Electric vehicle sales are at tipping point.

New vehicle registrations have increased so rapidly that more plug-in vehicles will be join Britain’s roads in 2021 than during the whole of the last decade, according to the SMMT forecasts.

Including hybrid vehicles, more than a quarter (26.5%) of new cars joining the roads during 2021 have been electric. EV sales have grown while petrol and diesel sales have declined, making their growth all the more significant in the context of a subdued market.

This is only the beginning (EVs and hybrids still account for less than 2% of cars on the roads). But which insurance groups trying to secure a solid share of electric vehicles, and which are sticking to petrol for now? 

Our Market View tool shows that LV=, Hastings, iGo4 and Ardonagh group brands are more competitive for electric and hybrid vehicles than they are for petrol and diesel.

LV= in particular is making a big push for market share. It was the third most competitive group for electric and hybrid vehicles in October, but the tenth overall. It returned a top 5 quotes on CTM for over 21% of electric and hybrid vehicles, compared with 11% overall.

 

LV= has also led on marketing efforts to EV drivers and potential drivers. In September it claimed a market first by offering ‘out of charge recovery’ as standard as part of its electric vehicle insurance, something it also highlights on PCW marketing messages.

And then last week it published analysis of the reasons it receives breakdown callouts in an attempt to dispel range anxiety, something Consumer Intelligence has previously found is one of the biggest barriers to electric vehicle adoption. LV= said that electric vehicles are three times more likely to break down because of wheel or tyre problems than anything to do with the battery.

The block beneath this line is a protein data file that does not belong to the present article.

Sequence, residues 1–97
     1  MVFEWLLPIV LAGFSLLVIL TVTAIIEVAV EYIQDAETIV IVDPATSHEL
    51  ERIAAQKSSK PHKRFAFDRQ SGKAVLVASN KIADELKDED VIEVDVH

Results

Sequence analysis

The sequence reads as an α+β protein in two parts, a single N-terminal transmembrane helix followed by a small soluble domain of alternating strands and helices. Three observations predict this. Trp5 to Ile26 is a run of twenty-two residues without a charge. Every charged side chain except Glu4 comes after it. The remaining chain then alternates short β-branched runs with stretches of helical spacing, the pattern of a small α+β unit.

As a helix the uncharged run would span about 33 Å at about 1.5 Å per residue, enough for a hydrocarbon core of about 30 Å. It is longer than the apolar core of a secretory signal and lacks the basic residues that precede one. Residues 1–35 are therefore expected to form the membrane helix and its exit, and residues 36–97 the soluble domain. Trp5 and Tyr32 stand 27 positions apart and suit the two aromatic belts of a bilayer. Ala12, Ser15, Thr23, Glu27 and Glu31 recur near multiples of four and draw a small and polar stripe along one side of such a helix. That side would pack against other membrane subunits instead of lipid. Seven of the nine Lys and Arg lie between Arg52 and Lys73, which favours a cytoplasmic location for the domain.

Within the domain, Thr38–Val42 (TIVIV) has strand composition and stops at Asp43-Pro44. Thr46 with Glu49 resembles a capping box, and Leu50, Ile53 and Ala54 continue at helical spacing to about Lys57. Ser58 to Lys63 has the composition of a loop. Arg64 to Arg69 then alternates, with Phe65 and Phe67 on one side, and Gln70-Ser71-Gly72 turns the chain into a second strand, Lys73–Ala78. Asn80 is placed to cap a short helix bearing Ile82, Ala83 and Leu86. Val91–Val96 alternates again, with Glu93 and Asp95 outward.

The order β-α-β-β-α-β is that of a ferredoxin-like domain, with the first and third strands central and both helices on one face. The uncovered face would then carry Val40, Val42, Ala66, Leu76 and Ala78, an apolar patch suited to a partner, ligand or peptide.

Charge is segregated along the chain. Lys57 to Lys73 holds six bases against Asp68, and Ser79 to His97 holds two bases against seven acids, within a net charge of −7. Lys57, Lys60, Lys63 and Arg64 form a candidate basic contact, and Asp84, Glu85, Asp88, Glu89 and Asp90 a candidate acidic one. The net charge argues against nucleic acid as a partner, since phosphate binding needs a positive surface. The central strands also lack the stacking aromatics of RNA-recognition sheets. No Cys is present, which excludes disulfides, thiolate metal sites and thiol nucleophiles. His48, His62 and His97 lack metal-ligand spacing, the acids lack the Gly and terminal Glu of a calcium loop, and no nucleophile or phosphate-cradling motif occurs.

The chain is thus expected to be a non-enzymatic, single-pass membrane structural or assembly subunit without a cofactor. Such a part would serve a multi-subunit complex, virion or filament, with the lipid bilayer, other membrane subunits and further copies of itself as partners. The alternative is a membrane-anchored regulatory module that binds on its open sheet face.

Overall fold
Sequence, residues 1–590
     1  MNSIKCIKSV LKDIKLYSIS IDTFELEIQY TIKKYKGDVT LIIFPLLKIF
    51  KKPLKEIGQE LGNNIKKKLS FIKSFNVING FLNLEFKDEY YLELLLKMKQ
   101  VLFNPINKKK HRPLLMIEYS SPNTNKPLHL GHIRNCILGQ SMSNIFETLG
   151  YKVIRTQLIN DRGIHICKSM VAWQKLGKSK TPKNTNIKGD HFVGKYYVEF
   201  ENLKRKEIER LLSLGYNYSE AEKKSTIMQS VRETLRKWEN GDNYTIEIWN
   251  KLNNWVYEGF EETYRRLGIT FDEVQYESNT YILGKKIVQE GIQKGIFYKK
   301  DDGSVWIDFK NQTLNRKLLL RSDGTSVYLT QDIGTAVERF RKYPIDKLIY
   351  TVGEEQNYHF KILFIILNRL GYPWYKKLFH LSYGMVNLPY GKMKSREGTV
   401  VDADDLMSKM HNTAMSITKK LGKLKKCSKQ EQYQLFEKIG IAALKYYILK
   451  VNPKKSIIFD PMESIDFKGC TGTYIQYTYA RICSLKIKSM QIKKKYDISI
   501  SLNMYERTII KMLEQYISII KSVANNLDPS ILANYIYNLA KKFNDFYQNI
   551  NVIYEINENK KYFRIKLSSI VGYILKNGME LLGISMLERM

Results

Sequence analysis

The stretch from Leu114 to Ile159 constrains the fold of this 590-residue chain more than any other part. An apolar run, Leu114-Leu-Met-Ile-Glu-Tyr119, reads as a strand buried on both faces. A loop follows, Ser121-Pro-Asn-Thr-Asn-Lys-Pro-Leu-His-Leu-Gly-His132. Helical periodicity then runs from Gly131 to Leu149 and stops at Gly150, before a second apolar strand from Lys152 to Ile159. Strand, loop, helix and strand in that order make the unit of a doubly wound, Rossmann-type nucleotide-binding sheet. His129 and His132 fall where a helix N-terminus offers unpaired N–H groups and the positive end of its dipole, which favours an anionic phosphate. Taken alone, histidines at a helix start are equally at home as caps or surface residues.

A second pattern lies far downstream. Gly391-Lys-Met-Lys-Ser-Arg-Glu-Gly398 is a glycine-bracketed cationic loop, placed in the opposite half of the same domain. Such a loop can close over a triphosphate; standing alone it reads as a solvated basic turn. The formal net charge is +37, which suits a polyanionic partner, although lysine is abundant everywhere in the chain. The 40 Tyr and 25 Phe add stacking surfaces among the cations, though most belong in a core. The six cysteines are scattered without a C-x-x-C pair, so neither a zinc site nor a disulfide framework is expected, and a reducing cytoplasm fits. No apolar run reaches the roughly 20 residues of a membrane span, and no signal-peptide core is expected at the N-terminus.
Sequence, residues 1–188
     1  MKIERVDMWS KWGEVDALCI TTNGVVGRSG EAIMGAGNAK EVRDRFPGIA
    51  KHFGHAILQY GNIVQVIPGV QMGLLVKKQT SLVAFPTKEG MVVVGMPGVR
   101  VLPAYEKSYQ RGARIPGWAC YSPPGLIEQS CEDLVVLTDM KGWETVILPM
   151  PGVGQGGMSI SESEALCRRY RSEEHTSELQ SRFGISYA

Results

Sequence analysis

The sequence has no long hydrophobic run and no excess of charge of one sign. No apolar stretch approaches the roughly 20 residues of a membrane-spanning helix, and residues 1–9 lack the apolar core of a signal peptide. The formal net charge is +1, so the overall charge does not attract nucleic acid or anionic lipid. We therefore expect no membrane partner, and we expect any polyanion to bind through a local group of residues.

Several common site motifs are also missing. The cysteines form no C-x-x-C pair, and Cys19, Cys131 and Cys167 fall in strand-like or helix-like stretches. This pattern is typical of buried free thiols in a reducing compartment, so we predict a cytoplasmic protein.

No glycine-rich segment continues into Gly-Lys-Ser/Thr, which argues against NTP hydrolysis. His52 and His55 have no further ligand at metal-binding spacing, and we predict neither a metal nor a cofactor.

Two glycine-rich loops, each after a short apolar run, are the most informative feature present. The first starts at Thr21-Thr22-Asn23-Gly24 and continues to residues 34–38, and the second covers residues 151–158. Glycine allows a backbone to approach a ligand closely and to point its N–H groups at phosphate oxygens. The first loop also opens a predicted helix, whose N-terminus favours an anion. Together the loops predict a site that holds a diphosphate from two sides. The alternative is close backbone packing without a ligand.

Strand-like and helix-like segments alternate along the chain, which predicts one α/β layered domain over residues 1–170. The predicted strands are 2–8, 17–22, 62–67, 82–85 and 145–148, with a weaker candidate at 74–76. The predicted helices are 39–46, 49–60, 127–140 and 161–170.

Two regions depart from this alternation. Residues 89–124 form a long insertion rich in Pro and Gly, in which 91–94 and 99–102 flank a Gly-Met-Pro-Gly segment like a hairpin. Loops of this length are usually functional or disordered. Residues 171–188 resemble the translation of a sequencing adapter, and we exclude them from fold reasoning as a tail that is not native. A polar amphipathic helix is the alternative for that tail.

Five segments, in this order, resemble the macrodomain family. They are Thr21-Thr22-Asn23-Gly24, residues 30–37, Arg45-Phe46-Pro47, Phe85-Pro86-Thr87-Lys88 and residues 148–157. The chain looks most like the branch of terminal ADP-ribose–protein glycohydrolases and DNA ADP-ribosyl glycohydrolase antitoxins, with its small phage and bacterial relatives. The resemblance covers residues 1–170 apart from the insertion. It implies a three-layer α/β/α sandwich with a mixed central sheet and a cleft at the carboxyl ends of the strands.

It has also recently launched ElectriX –an informational site to support customers who are considering buying an electric car.

In terms of insurance costs, premiums for all types of vehicles increased over the summer when lockdown restrictions lifted and the resulting traffic resulted in a higher chance of claims.

However that increase was greater for electric (4.5%) than internal combustion engines (1.5%), potentially reflecting the higher repair costs and the looming skills shortage to repair and service these new vehicles. Longer repair times mean greater credit hire costs too.

LV: group price index by fuel type

LV= has been particularly assertive in its pricing here, bucking the market trend by decreasing premiums for electric vehicles to a greater extent than for petrol or hybrid vehicles.

At the other side of the spectrum, Aviva and RSA were amongst the groups to increase EV premiums by more than they increased petrol and diesel insurance prices. Others including Hastings and Markerstudy have decreased premiums for electric vehicles in line with reductions for traditionally fuelled vehicles.

 

Aviva: group price index by fuel type

RSA: group price index by fuel type

The rise in new EV car sales is so recent that fewer than 2% of the 32 million cars on Britain's roads are currently hybrid or plug-ins. It’s also worth remembering that two thirds of new battery electric vehicle registrations this year have been to businesses, which enjoy tax breaks and grants to invest in plug-in cars. They will have their own large fleet insurance policies. 

But with just eight years go to until the ban new petrol and diesel car sales, this will not be a niche book for long.  

 


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